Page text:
When Bill Ackman of Pershing Square Capital Management launched his attack against Herbalife at the close of 2012, he apparently hoped to make a fortune and at the same time take down a very large, very successful company that he alleged was using a questionable business model. As a result of his actions, he may have accomplished just the opposite, thanks to the direct selling industry itself and its supporters.
In the first half of 2013, Herbalife has proven itself stronger than the $1 billion short sell of one activist investor. In March, Herbalife’s stock rose with the announcement that Ackman rival Carl Icahn had bought a 13.6 percent stake in the company. Following record first quarter earnings, Herbalife saw its shares rise above pre-allegation prices in May.
In the wake of Ackman’s accusations, Wall Street embraced not only Herbalife but other direct selling companies as well. USANA initially rose 107 percent and Nu Skin 70 percent—with both companies reaching all-time highs despite starting the year at depressed prices following Ackman’s short.
Forbes contributor Richard Levick asserts that the key to Herbalife’s stability goes beyond the company and its financial backers to the direct selling industry itself. The standard of transparency and compliance permeating the industry makes these companies secure buys as well as financially appealing ones.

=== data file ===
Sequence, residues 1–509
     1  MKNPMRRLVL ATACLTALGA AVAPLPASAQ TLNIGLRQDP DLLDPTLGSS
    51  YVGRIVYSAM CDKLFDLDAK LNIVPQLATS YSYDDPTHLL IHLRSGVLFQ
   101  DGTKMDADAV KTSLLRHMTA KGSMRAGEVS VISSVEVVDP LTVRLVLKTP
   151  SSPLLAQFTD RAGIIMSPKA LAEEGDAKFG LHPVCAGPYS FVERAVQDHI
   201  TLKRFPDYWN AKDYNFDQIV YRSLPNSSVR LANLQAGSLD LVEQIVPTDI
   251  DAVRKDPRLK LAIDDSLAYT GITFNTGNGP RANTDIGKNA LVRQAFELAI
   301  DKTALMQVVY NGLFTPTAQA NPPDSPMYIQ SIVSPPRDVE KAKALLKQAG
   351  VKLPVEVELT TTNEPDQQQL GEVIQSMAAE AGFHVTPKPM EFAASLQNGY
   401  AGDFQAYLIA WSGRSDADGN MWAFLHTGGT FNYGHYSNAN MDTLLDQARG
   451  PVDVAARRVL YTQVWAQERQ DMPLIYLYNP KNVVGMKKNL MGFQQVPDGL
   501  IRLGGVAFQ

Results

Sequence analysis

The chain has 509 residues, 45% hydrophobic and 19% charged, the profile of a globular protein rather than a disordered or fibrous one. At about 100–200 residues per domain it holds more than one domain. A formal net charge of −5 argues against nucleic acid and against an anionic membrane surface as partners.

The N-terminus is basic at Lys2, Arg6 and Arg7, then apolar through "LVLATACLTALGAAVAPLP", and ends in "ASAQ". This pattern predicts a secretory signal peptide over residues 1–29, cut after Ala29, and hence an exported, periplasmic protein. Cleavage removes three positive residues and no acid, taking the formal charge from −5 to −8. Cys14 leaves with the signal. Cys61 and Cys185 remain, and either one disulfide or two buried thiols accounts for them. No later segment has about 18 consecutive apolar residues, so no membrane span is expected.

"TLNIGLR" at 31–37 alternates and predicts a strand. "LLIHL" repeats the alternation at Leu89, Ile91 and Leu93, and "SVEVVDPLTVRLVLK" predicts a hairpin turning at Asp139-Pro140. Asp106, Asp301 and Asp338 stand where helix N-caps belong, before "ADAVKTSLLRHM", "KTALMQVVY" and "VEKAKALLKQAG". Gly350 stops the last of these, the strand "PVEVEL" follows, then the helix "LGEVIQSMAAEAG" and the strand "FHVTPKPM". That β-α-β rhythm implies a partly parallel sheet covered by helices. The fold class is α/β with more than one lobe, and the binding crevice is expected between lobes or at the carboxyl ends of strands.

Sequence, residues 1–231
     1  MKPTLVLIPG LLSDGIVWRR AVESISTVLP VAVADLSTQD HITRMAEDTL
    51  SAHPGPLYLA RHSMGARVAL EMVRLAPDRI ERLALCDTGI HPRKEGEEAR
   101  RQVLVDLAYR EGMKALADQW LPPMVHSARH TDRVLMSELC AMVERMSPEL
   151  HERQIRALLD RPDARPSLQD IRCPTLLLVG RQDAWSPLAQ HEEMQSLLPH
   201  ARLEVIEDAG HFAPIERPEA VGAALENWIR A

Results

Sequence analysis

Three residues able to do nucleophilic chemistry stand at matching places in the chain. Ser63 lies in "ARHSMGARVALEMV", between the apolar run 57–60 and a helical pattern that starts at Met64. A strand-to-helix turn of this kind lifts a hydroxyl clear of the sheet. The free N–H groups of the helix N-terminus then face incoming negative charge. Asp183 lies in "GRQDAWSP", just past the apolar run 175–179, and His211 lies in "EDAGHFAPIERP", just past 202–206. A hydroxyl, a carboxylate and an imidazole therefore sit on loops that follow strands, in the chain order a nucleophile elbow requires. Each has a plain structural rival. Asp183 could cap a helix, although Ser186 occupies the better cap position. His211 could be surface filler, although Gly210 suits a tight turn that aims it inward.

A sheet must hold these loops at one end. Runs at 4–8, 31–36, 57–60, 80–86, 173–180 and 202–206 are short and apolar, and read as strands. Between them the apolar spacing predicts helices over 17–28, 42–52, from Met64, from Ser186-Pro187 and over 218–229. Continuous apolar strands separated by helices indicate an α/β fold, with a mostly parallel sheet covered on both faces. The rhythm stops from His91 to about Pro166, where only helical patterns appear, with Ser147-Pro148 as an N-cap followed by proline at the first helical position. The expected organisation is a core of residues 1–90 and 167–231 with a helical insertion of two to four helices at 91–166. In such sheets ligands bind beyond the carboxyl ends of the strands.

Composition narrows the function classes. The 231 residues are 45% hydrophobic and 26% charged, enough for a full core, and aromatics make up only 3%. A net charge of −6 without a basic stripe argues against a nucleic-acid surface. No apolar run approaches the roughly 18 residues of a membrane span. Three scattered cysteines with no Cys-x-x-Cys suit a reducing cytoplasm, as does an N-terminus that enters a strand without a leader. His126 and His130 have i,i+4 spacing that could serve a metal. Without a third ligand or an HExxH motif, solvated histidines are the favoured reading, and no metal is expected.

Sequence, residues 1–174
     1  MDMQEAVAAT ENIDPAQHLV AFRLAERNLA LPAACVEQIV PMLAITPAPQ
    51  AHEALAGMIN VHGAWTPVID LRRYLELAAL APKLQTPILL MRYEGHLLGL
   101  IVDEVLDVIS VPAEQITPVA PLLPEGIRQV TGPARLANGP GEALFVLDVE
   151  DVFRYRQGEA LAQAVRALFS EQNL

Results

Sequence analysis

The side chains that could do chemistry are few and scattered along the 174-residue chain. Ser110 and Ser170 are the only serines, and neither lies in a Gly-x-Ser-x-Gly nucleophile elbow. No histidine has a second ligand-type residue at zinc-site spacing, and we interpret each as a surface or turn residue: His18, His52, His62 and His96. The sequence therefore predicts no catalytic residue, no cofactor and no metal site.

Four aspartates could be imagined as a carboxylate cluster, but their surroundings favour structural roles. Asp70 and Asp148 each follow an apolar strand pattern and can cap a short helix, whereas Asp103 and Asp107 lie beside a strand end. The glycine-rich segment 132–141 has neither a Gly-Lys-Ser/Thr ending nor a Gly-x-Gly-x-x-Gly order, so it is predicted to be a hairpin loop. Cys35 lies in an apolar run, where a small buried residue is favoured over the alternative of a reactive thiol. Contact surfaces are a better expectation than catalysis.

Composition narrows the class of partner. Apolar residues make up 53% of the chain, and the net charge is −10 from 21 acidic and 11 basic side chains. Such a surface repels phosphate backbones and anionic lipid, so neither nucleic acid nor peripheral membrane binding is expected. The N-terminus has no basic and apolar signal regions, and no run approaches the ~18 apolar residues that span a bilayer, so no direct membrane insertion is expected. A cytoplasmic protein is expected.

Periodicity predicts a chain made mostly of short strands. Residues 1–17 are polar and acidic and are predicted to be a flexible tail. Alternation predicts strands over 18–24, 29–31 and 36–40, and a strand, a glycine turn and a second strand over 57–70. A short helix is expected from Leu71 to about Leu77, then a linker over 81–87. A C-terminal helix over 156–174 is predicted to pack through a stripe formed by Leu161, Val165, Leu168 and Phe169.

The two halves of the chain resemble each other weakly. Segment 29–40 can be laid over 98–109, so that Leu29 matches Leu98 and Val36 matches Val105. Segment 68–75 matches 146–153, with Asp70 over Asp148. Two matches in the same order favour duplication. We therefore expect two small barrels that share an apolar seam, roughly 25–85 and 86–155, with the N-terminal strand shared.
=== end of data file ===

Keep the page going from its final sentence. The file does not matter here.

The Direct Selling Association sets the tone of the industry with its stated mission to “ensure that the marketing by member companies of products and/or the direct sales opportunity is conducted with the highest level of business ethics and service to consumers.”
We have shared the perspective of DSA leadership about the industry’s response to those who attempt to discredit it. You can find examples here and here. In its efforts to educate the public about the industry, the DSA also recently launched directsellingfacts.com, a site featuring industry facts and stats as well as video messages from both government officials and academics who share their knowledge and perceptions of the direct sales channel.
The industry’s efforts to regulate itself have caused government regulators to take notice. Levick quotes one such regulator, Bob Paul, who claims the DSA Code of Ethics is “one of the best that I have seen.” According to Paul, any company that abides by such a code “should never have a problem with the Federal Trade Commission.” It seems that the industry’s investors would agree.